Chicago Style Workout 20: Abbreviation of Names and Titles

Best Foot Forward!

This month’s workout, “Abbreviation of Names and Titles,” centers on CMOS 17, paragraphs 10.11–27. Advanced editors might tackle the questions cold; learners can study paragraphs 10.11–27 of the Manual before answering.

(Subscribers to The Chicago Manual of Style Online may click through to the linked sections of the Manual. For a 30-day free trial of CMOS Online, click here.)

Notes:

  • These questions are designed to test knowledge of The Chicago Manual of Style, which prefers Merriam-Webster’s Collegiate Dictionary. Other style guides may follow a different dictionary.
  • Although this workout is based on  the 17th edition of the Manual, the styles covered in this quiz either are the same as in the 16th edition or were not previously addressed.

Chicago Style Workout 20: Plurals (CMOS 10.11–27)

1. Initials standing for given names are followed by a period and a space {Roger W. Shugg}. A period is normally used even if the middle initial does not stand for a name {Harry S. Truman}.
a.  
b.  
2. If an entire name is abbreviated, spaces and periods can usually be omitted {FDR; Franklin Delano Roosevelt} {MJ; Michael Jordan}.
a.  
b.  
3. Civil or military titles preceding a name are always abbreviated {Rep. Dan Lipinski; Rep. Lipinski}.
a.  
b.  
4. Social titles like Mr. and Dr. are always abbreviated before a full name or surname.
a.  
b.  
5. The abbreviations Rev. and Hon. are traditionally used before a full name when the does not precede the title. With the, such titles should be spelled out {Rev. Jane Schaefer; the Honorable Patricia Birkholz}.
a.  
b.  
6. Jr. and Sr. are used only with the full name, never with the surname only, although in some contexts it may be appropriate to use Jr. or Sr. or the like with a first name alone.
a.  
b.  
7. Chicago recommends periods for abbreviations of academic degrees {B.A., D.D.S., etc.}.
a.  
b.  
8. Spelled-out terms are lowercase unless they designate the proper name of an organization {CNM; certified nurse midwife} {JP; justice of the peace} {FAIA; fellow of the American Institute of Architects}.
a.  
b.  
9. In running text, company names should be given in their full forms, including elements such as Inc.& Co., and LLC.
a.  
b.  
10. The names of many agencies and organizations, governmental and otherwise, are commonly abbreviated, both in running text (preferably after being spelled out on first occurrence) and in tabular matter, notes, and so forth {AAUP} {AFL-CIO} {EPA}.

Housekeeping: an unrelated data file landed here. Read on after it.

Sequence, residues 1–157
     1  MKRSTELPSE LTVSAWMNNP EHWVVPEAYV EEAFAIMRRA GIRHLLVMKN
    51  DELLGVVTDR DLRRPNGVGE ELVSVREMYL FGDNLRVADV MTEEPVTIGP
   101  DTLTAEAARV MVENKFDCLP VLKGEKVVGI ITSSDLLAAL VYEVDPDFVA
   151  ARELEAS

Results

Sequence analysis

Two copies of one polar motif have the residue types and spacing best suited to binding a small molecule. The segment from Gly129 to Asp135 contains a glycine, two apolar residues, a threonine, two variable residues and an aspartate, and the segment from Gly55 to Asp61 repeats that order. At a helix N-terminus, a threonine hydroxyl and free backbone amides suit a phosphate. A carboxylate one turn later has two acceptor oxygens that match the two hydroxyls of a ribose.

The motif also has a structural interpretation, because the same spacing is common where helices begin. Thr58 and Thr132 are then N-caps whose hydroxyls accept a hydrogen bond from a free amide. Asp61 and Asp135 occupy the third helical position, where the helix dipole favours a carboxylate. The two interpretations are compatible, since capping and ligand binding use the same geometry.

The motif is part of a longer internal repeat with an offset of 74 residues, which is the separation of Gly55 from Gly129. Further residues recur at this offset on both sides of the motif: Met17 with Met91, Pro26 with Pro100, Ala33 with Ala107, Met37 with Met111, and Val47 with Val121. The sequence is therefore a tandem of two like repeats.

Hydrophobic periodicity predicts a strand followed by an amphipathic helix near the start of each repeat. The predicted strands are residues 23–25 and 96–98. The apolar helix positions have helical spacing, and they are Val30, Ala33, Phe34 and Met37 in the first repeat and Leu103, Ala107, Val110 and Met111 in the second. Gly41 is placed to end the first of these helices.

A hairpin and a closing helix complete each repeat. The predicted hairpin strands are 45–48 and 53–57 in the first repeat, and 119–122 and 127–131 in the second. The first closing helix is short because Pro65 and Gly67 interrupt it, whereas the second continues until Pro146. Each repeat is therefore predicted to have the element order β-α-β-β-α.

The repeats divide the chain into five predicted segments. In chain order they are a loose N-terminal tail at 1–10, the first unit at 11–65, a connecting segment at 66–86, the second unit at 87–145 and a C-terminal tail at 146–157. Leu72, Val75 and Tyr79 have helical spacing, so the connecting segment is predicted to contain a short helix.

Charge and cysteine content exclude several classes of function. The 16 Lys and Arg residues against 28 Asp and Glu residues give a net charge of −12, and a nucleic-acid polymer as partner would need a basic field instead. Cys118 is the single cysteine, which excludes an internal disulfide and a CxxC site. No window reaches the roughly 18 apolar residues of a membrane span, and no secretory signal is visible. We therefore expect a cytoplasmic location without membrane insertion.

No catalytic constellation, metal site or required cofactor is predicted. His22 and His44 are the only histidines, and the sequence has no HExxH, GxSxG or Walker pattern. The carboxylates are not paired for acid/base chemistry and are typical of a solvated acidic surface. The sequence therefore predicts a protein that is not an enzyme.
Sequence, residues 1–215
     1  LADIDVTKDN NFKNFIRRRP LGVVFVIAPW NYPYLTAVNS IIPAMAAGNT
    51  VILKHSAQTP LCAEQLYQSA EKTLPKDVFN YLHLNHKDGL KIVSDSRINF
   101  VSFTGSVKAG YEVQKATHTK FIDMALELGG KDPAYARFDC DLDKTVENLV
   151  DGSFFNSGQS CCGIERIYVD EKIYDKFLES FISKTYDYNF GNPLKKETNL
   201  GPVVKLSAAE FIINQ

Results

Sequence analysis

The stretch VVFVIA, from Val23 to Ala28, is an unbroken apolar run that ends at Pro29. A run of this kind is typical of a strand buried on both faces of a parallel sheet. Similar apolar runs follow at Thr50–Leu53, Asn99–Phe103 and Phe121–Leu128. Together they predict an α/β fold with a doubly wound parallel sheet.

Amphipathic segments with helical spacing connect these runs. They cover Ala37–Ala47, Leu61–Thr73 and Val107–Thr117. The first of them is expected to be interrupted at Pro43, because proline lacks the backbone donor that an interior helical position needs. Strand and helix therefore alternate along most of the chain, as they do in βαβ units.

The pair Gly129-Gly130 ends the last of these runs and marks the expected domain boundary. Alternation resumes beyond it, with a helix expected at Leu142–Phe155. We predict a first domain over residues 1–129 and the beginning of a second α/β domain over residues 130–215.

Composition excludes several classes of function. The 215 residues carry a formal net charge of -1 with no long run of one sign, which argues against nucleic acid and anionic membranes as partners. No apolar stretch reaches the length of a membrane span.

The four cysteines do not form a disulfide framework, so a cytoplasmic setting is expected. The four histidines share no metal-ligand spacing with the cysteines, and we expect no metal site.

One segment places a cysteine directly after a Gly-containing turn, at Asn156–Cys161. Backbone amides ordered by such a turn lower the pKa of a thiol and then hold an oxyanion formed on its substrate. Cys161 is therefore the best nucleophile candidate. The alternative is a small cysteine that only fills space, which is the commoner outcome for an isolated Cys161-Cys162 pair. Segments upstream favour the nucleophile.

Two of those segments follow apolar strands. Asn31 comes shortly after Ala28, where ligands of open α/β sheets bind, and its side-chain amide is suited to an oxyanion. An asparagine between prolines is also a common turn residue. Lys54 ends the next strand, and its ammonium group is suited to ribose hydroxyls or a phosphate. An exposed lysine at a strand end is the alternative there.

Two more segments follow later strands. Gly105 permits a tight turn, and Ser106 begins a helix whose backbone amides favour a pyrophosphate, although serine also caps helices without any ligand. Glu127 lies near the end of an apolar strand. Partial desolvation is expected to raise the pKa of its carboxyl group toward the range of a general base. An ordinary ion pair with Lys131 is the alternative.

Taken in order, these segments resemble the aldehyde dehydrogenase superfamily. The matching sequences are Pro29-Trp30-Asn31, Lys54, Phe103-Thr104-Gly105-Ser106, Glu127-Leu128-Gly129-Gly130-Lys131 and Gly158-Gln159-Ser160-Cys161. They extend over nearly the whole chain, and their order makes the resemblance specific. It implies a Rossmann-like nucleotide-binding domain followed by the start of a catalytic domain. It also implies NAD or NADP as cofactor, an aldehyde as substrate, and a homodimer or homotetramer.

a.  
b.  

 

Photo: George Arents Collection, New York Public Library, “Exercises for Men: Falling Astride,” New York Public Library Digital Collections, accessed October 24, 2017, http://digitalcollections.nypl.org/items/5e66b3e9-1d41-d471-e040-e00a180654d7.       

 

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P.S. We welcome discussion! Please use the comments feature below.
(Spoiler alert: Commenters may discuss the workout and their answers!)

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4 thoughts on “Chicago Style Workout 20: Abbreviation of Names and Titles

  1. Number 8, “Spelled-out terms are lowercase unless they designate the proper name of an organization {CNM; certified nurse midwife} {JP; justice of the peace} {FAIA; fellow of the American Institute of Architects},” is too specific to be correct. Had it been, “Spelled-out terms are lowercase unless they designate a proper noun,” I would not have thought twice about marking the bubble next to “True.” But I work for a government agency, and many of the abbreviations we use are for government programs {CHIP; Children’s Health Insurance Program}, not organizations. Those programs should also be capitalized when spelled out, as should any proper noun.

    • We see your point, BP. The title of section 10.22 (Abbreviations for professional, religious, and other designations) contains context that we took for granted in drafting the question. In future we’ll take more care to consider whether essential context is missing from a question. Meanwhile, you can add 10 percent to your score!

  2. I think your computer is having math problems. I missed 2 out of 10 problems, which should be 80 percent, but the computer gave me a 70 percent!

    • Oh, dear! That’s no fair. We think we uncovered the problem and fixed it. Would you like to try again and see what happens?

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